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Graduate Help: Journal Metrics

Journal Metrics

There are many journal metrics, measuring citations in a specific journal over time. Here are some common metrics:

Impact Factor: "The journal Impact Factor is the average number of times articles from the journal published in the past two years have been cited in the Journal Citation Reports (JCR) database year" (JCR, 2014).

5-Year Journal Impact Factor: The average number of times articles from the journal published in the most recent 5 years have been cited.

Journal Immediacy Index: The average number of times articles from the journal published in the current year have been cited.

SJR - SCImago Journal Rank: The measure of a journal's scientific influence based on the number of incoming citations and the importance of the journals those citations come from.

SNIP - Source Normalized Impact per Paper: "measures contextual citation impact by weighting citations based on the total number of citations in a subject field." - Scopus

IPP - Impact per Publication: "measures the ratio of ciations in a year to scholarly papers published in the three previous years divided by the number of scholarly papers published in those same years." -Scopus

Eigenfactor: Eigenfactor uses the number of incoming citations to measure a journal’s importance to the scientific community, with citations from higher ranking journals weighted to make a larger contribution than those of poorly ranked journals.

Journal Metric Sources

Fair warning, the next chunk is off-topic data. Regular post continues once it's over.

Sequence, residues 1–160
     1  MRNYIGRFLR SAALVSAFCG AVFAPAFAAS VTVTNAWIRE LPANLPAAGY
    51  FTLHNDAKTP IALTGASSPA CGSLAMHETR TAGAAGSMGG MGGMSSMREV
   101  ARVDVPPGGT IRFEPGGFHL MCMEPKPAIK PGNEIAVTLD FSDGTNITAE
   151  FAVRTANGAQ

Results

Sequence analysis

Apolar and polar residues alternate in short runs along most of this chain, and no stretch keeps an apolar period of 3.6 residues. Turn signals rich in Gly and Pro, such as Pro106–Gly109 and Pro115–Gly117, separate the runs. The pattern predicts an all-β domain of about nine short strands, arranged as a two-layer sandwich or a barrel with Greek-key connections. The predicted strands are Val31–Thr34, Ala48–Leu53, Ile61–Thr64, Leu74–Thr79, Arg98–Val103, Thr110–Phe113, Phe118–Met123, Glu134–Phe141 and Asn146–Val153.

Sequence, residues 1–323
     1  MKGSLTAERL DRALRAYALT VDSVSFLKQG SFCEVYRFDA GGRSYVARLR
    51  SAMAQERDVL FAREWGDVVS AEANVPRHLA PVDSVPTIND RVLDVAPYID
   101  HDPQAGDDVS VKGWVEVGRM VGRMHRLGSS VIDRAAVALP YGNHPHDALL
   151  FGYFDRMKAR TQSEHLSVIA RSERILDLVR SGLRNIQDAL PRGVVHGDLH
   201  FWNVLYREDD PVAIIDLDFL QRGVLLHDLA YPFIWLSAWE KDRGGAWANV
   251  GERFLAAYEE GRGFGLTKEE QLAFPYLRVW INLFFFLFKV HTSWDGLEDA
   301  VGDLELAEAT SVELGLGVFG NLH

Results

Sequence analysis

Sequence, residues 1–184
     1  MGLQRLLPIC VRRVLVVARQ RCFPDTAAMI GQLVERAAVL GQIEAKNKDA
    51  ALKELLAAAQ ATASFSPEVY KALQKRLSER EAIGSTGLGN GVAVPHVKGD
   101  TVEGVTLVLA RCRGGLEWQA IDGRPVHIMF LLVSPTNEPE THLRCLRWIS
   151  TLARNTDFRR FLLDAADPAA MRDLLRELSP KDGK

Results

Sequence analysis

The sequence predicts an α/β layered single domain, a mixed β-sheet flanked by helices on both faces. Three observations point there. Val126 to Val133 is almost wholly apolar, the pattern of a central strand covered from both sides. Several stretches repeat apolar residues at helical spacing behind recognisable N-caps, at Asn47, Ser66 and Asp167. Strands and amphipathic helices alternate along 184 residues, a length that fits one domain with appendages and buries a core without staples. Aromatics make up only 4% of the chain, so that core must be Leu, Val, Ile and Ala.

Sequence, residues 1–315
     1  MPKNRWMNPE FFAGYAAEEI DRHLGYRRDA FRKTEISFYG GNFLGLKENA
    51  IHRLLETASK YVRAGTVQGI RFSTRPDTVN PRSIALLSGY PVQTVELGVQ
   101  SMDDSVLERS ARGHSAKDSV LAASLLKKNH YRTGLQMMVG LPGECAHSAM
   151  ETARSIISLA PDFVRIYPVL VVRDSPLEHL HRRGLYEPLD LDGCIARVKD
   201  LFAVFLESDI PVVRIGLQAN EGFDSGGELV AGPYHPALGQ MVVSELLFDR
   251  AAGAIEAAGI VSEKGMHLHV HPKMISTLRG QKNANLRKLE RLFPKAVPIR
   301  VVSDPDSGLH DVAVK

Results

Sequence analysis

Scopus is an interdisciplinary database that is used to calculate SJR, SNIP, and IPP.

Journal Citation Reports (InCites) provides the journal impact factor, 5-year journal impact factor, and journal immediacy index.


Journal Impact Factors usages

There are many uses for journal impact factors:

  • to compare journals within a field to see which journal may have a greater impact on the field
  • researchers/scientists may use impact factor as one of their deciding criteria for article submission
  • some universities are using impact factor to measure scholarly output for their researchers and departments
  • some universities are asking professors to provide impact factors as part of their tenure/promotion portfolio
  • some funding agencies are asking researchers to provide impact factors
  • some libraries are using journal impact factor and the rankings to make decisions on journal retention and/or acquisitions
  • journals are using impact factor to attract editors, funding/sponsorships, and author submissions